In 1879, the City Council offered a site in Adderley Street, on a ninety-nine year lease at £150 per annum, to the Bank. Charles Freeman designed it, in the neo-classic style that was favoured so widely by the Victorians. Plans were completed in 1881, and a local contractor, T. J. C. Inglesby, completed the building at a cost of £27,000.
The two-storied design featured a colonnaded entrance, with a statue of Brittania on the dome. The carved heads over the entrance are of “Ceres”, goddess of agriculture and of “Poseidon”, god of the sea (and trade). In 1922 two extra floors were added and the dome and statue were replaced after the completion of the addition.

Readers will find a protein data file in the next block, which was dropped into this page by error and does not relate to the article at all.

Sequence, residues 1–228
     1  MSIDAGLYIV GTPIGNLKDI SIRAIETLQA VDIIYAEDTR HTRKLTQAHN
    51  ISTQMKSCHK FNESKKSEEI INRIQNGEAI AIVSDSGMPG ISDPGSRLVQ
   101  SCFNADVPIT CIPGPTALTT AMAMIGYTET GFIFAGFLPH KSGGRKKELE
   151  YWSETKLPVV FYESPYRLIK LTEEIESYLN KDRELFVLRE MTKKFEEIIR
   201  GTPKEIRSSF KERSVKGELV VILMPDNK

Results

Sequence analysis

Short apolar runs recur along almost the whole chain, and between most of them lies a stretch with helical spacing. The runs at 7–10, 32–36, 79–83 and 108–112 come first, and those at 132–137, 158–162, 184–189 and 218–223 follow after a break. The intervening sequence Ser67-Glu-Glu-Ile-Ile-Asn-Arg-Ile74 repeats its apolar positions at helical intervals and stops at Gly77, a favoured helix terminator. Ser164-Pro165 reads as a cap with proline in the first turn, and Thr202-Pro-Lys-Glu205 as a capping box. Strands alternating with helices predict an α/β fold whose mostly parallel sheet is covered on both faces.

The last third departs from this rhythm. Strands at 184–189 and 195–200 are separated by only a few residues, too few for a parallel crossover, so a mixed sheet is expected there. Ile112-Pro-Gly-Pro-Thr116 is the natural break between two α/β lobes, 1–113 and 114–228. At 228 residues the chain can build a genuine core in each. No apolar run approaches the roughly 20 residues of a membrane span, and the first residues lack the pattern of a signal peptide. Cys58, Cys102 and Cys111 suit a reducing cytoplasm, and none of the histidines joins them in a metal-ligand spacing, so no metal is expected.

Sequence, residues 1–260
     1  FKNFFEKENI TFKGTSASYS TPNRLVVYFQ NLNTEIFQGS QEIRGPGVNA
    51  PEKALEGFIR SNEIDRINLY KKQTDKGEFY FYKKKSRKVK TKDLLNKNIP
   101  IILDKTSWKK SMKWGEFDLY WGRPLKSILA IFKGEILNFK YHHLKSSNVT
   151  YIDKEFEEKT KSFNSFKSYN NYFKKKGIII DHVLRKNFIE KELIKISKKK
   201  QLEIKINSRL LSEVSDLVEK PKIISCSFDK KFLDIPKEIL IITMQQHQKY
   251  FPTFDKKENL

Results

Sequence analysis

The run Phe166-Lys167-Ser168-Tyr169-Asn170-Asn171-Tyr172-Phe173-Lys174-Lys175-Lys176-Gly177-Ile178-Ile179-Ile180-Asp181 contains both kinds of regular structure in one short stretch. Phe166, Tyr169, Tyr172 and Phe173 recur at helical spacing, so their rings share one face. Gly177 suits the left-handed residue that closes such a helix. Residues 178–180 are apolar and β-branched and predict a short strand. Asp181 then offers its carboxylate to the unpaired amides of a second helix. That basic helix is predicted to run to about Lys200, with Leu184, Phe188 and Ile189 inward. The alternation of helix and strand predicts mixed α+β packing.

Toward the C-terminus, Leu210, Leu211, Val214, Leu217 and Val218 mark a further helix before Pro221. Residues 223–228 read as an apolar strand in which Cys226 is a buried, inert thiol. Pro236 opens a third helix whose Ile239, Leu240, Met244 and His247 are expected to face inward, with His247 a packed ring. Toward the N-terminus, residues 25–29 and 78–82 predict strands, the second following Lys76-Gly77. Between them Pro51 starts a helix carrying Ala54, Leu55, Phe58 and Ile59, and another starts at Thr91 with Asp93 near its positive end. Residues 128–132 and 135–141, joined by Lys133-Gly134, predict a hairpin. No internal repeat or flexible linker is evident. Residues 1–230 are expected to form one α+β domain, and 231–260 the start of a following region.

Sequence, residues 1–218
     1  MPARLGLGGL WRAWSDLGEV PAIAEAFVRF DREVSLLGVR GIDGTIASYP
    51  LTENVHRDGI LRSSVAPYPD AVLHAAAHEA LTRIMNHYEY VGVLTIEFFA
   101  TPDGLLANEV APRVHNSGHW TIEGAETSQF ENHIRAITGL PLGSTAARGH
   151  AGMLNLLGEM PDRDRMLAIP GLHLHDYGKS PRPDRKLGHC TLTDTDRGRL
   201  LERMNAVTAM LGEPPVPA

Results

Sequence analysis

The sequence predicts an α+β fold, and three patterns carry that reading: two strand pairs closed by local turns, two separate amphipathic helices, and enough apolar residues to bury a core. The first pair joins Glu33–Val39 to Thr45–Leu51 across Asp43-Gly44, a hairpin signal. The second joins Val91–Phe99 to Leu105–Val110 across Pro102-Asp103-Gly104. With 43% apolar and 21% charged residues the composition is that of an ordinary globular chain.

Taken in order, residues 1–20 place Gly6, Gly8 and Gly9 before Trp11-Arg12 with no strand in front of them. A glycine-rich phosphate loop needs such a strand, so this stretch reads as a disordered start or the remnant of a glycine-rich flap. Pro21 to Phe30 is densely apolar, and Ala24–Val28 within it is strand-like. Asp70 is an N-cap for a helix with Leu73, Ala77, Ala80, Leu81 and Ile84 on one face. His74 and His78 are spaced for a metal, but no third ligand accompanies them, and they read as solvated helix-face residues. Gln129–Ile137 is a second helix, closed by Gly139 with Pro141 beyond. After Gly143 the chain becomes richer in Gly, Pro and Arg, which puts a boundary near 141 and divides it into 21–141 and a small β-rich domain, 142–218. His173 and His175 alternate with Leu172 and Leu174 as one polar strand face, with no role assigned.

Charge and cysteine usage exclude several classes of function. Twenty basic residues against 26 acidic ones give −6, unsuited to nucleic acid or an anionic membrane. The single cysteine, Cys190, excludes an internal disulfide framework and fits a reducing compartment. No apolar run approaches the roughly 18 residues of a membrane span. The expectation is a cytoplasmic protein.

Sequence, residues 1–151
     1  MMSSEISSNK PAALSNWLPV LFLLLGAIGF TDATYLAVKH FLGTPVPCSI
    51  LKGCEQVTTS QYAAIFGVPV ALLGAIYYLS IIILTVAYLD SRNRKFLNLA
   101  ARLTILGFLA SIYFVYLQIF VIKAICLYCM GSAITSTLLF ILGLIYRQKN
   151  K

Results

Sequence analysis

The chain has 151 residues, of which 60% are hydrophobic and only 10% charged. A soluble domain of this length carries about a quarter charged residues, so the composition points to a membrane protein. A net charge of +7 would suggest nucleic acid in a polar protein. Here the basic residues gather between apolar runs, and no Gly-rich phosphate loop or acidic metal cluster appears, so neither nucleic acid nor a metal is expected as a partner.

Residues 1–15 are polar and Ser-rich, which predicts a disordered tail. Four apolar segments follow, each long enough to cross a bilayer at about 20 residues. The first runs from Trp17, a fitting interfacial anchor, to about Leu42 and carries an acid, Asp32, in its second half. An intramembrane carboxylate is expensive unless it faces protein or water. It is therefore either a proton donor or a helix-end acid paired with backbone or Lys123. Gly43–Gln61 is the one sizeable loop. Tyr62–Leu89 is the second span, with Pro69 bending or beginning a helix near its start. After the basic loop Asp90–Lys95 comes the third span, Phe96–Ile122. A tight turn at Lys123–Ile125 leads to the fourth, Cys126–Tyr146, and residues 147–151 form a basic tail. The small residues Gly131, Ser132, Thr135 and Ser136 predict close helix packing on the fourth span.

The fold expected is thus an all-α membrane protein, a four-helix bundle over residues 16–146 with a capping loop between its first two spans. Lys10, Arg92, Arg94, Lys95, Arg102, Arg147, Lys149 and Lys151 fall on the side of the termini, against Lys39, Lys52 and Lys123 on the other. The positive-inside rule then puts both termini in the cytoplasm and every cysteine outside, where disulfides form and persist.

The new premises were opened on the 19th of March 1883.
At the time of the opening of its new premises, the head office of the bank in Southern Africa was still situated in Port Elizabeth, but with the extension of the railway system to the North, the development of Cape Town as the then economic centre of the sub-continent became increasingly apparent. In August 1885, the head office of the bank moved from Port Elizabeth to the new building in Adderley Street.